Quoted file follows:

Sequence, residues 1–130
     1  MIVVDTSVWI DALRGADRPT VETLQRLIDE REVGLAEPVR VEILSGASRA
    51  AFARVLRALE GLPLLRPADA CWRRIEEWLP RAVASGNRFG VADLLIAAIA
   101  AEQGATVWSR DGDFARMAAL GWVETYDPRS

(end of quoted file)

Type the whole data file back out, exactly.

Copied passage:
Sequence, residues 1–130
     1  MIVVDTSVWI DALRGADRPT VETLQRLIDE REVGLAEPVR VEILSGASRA
    51  AFARVLRALE GLPLLRPADA CWRRIEEWLP RAVASGNRFG VADLLIAAIA
   101  AEQGATVWSR DGDFARMAAL GWVETYDPRS